*The MSCI all Country World Index is an unmanaged, free float- adjusted, market capitalization-weighted index composed of stocks of companies located in countries throughout the world. It is designed to measure equity market performance in global developed and emerging markets. The index includes reinvestment of dividends, net of foreign withholding taxes.

* The Standard & Poor's 500 (S&P 500) is an unmanaged group of securities considered to be representative of the stock market in general. You cannot invest directly in this index.

* All indexes referenced are unmanaged. Unmanaged index returns do not reflect fees, expenses, or sales charges. Index performance is not indicative of the performance of any investment.

* The Dow Jones Global ex-U.S. Index covers approximately 95% of the market capitalization of the 45 developed and emerging countries included in the Index.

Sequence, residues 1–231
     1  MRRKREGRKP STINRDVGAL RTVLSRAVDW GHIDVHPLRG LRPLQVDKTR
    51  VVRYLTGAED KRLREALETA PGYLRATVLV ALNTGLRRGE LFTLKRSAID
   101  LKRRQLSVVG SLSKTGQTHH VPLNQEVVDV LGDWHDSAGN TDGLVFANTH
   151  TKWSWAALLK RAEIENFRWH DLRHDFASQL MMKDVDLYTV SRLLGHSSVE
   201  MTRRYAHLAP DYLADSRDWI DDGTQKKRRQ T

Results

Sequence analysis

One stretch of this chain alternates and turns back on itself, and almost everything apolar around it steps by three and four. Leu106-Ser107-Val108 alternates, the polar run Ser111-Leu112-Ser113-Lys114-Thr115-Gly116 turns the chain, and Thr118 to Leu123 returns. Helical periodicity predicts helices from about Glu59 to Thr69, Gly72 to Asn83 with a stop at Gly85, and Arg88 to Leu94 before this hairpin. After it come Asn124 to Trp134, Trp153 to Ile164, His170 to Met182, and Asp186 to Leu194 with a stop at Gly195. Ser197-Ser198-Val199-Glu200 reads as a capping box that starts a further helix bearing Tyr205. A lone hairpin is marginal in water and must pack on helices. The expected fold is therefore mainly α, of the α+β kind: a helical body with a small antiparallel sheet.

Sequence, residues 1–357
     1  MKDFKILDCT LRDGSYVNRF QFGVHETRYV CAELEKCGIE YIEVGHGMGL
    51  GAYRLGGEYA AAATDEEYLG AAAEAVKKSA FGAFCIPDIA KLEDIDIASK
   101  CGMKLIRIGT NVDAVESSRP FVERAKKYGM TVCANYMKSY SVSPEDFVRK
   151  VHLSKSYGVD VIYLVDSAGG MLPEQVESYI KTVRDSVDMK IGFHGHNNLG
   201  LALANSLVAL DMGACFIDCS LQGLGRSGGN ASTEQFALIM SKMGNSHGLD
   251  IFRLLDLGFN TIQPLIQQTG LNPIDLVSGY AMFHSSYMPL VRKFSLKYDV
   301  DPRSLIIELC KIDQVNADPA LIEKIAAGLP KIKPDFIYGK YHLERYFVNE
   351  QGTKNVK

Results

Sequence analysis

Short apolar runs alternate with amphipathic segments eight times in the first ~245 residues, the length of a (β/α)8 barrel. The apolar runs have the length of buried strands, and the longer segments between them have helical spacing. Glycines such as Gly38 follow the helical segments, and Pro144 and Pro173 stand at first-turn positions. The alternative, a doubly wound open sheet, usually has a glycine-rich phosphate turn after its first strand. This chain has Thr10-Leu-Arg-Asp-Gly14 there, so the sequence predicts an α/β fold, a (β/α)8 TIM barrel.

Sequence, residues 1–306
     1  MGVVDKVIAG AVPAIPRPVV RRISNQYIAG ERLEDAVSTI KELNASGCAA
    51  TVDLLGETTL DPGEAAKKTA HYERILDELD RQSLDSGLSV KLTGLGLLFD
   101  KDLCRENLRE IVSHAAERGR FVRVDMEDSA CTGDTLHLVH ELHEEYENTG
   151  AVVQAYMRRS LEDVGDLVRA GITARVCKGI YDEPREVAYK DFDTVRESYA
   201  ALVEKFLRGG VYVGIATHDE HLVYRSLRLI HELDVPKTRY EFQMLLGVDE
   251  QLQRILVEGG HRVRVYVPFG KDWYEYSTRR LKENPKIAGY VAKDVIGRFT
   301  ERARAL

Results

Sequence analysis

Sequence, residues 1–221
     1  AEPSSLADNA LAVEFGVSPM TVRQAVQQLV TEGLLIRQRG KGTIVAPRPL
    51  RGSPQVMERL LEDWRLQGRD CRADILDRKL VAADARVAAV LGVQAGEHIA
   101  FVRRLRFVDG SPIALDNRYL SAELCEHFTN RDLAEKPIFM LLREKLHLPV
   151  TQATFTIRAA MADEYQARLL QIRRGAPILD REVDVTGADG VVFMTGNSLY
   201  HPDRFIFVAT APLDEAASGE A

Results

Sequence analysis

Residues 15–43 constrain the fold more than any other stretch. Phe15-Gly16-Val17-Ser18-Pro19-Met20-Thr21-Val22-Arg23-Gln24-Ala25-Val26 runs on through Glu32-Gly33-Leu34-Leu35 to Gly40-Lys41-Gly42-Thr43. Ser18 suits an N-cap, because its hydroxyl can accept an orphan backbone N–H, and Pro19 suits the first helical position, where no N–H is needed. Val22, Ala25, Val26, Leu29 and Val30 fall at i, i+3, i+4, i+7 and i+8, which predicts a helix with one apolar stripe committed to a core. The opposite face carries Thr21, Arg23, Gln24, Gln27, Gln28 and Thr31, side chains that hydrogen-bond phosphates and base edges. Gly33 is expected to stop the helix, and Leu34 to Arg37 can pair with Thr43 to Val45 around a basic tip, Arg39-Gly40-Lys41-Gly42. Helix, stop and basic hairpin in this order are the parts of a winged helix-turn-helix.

* The 10-year Treasury Note represents debt owed by the United States Treasury to the public. Since the U.S. Government is seen as a risk-free borrower, investors use the 10-year Treasury Note as a benchmark for the long-term bond market.

* Gold represents the afternoon gold price as reported by the London Bullion Market Association. The gold price is set twice daily by the London Gold Fixing Company at 10:30 and 15:00 and is expressed in U.S. dollars per fine troy ounce.

* The Bloomberg Commodity Index is designed to be a highly liquid and diversified benchmark for the commodity futures market. The Index is composed of futures contracts on 19 physical commodities and was launched on July 14, 1998.

* The DJ Equity All REIT Total Return Index measures the total return performance of the equity subcategory of the Real Estate Investment Trust (REIT) industry as calculated by Dow Jones.

* Yahoo! Finance is the source for any reference to the performance of an index between two specific periods.

* Opinions expressed are subject to change without notice and are not intended as investment advice or to predict future performance.